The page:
The destiny of the world is, however, known to us through God’s Word. We know that God’s plan will prevail in the end, that evil will be conquered, and that we have eternal life. Such knowledge is sufficient for us.

119.     What are the different kinds of spiritism? Why should Christians avoid those activities?

a.   Spiritism is the attempt to contact superhuman spirits. These are almost always unclean spirits (Lk 11:18), including Satan and his fallen angels (Mt 25:41). These spirits can produce deceptive miracles (2Th 2:9). See examples of Simon Magus (Ac 8:9), Elymas (Ac 13:8), and woman in Ac 16:16. The origin of spirits can be tested (1Jn 4:1-3). [Contacts with angels from God are possible but God does not normally work through such contacts.]

b.   Main varieties of spiritism:

(1)  Necromancy (channelling): attempting to communicate with the dead through a person or a medium (1Sa 28:7). This is forbidden (Lev 20:6). This kind of activities actually involved evil spirits because the wicked dead are described as being confined (Lk 16:22-26).

(2)  Ouiji Board: calling evil spirits to answer inquiries. It may be sold as a game but it is actually equivalent to necromancy. [The original name of the game “Ouija” came from the combination of the French and the German words for “yes”. The board contains the alphabets, numbers, and spots for “yes”, “no”, “maybe” and “goodbye”. A 1994 survey reported that Ouija was the second most popular board game among teenagers after Monopoly.]

(3)  Magic and witchcraft: accomplishing acts beyond human powers, including healing and inflicting of diseases, love and hate magic, curses or death of enemies. Those acts were not achieved with supernatural powers of the witches and wizards but rather by superhuman evil spirits.

c.   Christians must not voluntarily communicate with superhuman spirits. This will expose themselves to demonic influence or even demonic domination and risk great personal danger. Spiritism involves practices that are abominable to God (Ex 22:18) and frequently involving Satan worship. Sorcerers will be excluded from heaven (Rev 21:8; 22:15)

d.   Christians should also be aware of the New Age religion which is a mixture of Eastern mysticism, modern philosophy and psychology, and counterculture of the 1950s and 1960s. Some of them involve spiritism.

120.     What is the nature of demonic possession? Can Christians be possessed by demons? Can Christians practise exorcism?

a.   Demonic possession:

·         It is the domination of a person by evil spirits and is often demonstrated through abnormal behaviour. There is great differences between demonic possession and insanity. The two must be distinguished. Jesus commanded the demon to leave but without touching. Yet He customarily touched the sick.

·         Signs of demonic possession (Mk 5:2-5) include change of facial form, change of voice, and displacement of usual personal identity by a new and alien self.

·         It may be spontaneous (invaded by evil spirits) or voluntary (yielded to or induced by the person involved). The Christian Exorcism Study Group reported that possession by an evil spirit is possible only when the individual puts him or herself in a vulnerable position and deliberately invites invasion.

b.   Demonic possession of Christians:

·         A true Christians (with the indwelling Holy Spirit) cannot be totally “possessed” by evil spirits as evil spirits could not peacefully co-exist with the Holy Spirit.

·         However, it is possible that the body and the outer areas of personality can be infested or oppressed. This can occur if a Christian is voluntarily involved in the occult, but only temporarily (1Ti 1:20; 1Co 5:5).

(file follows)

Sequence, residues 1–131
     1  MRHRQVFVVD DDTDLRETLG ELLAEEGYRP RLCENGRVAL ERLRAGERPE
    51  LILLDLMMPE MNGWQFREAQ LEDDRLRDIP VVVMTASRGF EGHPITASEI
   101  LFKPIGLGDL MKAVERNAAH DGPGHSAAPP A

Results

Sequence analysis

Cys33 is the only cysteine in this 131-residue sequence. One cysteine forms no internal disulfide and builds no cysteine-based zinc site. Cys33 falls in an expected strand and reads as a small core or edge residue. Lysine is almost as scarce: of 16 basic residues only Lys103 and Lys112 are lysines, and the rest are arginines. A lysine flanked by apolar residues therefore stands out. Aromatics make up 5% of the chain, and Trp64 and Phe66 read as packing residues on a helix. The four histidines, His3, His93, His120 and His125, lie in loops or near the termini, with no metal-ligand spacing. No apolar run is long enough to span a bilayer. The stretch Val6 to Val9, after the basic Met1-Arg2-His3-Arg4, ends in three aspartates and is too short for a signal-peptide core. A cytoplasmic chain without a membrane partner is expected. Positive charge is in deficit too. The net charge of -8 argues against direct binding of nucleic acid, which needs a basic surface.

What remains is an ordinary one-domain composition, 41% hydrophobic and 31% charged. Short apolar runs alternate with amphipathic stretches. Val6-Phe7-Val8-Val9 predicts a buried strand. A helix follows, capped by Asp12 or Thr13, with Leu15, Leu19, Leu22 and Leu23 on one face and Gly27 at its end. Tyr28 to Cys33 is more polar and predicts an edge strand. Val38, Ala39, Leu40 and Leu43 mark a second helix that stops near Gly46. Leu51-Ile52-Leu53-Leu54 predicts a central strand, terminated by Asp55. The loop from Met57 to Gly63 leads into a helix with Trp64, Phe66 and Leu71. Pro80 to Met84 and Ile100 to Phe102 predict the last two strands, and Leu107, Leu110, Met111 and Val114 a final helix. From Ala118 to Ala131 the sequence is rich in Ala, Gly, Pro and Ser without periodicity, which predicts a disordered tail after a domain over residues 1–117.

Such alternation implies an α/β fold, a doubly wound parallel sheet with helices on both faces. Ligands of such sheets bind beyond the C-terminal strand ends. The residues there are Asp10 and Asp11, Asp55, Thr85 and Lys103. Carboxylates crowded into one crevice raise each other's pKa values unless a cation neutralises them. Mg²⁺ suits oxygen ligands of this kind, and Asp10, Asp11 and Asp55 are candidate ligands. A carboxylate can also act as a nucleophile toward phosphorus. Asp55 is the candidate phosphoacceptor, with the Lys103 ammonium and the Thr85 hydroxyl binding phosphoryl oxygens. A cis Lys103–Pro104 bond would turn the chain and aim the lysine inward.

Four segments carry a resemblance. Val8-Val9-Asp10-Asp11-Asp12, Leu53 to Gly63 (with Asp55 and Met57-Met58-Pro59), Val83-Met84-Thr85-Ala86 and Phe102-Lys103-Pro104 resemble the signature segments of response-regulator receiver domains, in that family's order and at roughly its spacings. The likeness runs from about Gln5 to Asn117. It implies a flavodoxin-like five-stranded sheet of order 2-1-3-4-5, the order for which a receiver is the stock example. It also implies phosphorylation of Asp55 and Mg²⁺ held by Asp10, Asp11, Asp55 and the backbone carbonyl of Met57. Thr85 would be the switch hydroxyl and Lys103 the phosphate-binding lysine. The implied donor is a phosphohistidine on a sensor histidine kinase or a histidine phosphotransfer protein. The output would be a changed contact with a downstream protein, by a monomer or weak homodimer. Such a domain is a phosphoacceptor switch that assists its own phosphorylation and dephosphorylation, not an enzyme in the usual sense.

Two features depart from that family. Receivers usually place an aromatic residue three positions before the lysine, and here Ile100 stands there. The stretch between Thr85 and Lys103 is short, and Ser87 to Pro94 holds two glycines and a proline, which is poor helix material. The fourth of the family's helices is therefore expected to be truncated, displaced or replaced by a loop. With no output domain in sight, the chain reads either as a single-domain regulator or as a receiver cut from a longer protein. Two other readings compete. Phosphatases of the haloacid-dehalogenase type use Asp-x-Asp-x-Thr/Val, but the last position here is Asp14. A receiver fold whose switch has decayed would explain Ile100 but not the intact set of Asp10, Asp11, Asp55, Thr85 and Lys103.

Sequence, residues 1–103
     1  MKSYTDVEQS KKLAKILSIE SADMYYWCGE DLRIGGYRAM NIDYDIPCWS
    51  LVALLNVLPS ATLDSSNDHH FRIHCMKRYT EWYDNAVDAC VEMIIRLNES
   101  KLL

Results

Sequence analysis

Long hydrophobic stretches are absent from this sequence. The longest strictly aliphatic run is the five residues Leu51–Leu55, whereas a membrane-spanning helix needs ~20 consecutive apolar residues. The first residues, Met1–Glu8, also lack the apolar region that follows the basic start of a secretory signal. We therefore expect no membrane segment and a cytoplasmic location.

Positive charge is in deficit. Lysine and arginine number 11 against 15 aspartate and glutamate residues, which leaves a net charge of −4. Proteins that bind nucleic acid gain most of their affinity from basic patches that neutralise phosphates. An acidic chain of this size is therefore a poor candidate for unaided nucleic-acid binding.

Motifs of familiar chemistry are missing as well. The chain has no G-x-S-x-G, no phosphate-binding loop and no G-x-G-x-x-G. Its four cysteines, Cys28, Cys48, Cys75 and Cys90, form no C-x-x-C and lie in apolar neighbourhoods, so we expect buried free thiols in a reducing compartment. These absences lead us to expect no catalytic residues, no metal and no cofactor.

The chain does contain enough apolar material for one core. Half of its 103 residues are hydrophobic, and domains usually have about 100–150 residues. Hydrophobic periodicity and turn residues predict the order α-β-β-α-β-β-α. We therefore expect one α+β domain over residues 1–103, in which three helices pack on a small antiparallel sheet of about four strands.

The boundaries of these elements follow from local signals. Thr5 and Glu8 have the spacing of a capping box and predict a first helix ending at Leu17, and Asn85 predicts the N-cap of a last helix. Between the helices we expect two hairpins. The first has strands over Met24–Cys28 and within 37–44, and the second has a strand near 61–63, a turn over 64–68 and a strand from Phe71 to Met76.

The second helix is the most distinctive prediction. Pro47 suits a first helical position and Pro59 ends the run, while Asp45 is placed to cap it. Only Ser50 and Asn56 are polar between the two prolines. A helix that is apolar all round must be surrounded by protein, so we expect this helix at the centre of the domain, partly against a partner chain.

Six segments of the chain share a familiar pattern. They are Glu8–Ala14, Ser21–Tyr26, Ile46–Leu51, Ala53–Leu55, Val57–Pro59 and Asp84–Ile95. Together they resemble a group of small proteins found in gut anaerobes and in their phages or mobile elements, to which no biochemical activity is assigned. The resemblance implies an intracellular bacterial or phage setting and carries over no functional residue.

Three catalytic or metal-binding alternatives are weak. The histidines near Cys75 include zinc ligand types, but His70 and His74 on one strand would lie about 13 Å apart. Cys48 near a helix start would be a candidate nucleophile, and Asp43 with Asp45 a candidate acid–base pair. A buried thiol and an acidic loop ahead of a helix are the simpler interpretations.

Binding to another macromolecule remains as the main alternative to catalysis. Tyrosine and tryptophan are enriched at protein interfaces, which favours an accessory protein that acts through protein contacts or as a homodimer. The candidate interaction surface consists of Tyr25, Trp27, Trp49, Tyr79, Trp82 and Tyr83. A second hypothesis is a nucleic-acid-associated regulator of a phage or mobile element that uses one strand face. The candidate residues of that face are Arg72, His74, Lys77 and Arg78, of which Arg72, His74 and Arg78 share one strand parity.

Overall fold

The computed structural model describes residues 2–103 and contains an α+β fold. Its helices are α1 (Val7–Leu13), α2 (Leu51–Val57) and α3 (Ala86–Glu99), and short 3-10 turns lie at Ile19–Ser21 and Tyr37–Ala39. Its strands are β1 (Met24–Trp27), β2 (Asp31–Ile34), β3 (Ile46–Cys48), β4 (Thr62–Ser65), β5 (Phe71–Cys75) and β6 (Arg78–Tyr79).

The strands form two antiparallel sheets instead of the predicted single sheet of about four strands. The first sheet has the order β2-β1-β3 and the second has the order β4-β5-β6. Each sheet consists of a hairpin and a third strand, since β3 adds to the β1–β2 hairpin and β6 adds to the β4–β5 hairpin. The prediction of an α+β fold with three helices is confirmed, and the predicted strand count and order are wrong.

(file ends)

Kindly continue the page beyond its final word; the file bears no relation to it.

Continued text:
c.   Exorcism (deliverance ministry against demonic possession):

·         It is wise to be highly reluctant to conclude that a person is demonized; the situation must be explored carefully before coming to a conclusion.

·         Christians are cautioned against amateurish attempts of exorcism. Only devout persons of great piety, spiritual strength, and moral courage (preferably also with psychiatric training and experience) should be involved. It should never be attempted alone. There should be at least two mature and experienced Christians present. In addition, permission must be gained from a higher church authority before any exorcism is conducted.

·         Deliverance should never be undertaken under pressure either from the individual concerned or from a group. It should only be attempted if there is a clear sense of direction and conviction from God.

·         Exorcism is done with the power of Christ (Ac 16:16-18). Persons involved must be armed with prayer (Mk 9:29), preferably corporate prayer.

·         During exorcism, aggressive words, gestures or expressions should be avoided. Demons should not be talked to, argued with or given any attention other than that of rejecting, refusing and scorning them with the name of Jesus Christ.

·         After exorcism, the affected person must: receive Christ, confess sins, renounce the devil and his works, remove occult objects and connections, resist the devil (1Pe 5:8-9), submit to Christ and cultivate a spiritual life (Jas 4:7).

·         The incident should be subject to the same ethics of confidentiality as any counselling.

121.     Can Christians read fictions about spiritism like the Harry Potter books?

a.   Reality:

·         We cannot avoid the issue and walk away because the Potter books are popular and many children are reading them. The books have caused a controversy in many churches.

·         The question is not one with a simple one-sided answer.

·         Even major evangelical Christian organizations such as Focus on the Family and Christianity Today published both positive and negative reviews by different authors.

b.   Reasons for opposing the books:

(1)  The books may desensitize us to witchcraft.

o        The books glorify witchcraft (against Dt 18:9-12) and describe some witchcraft as good.

o        They include terminology representative of occult practices (1Ti 4:1), including consulting the dead (Dt 18:10-11; Isa 8:19).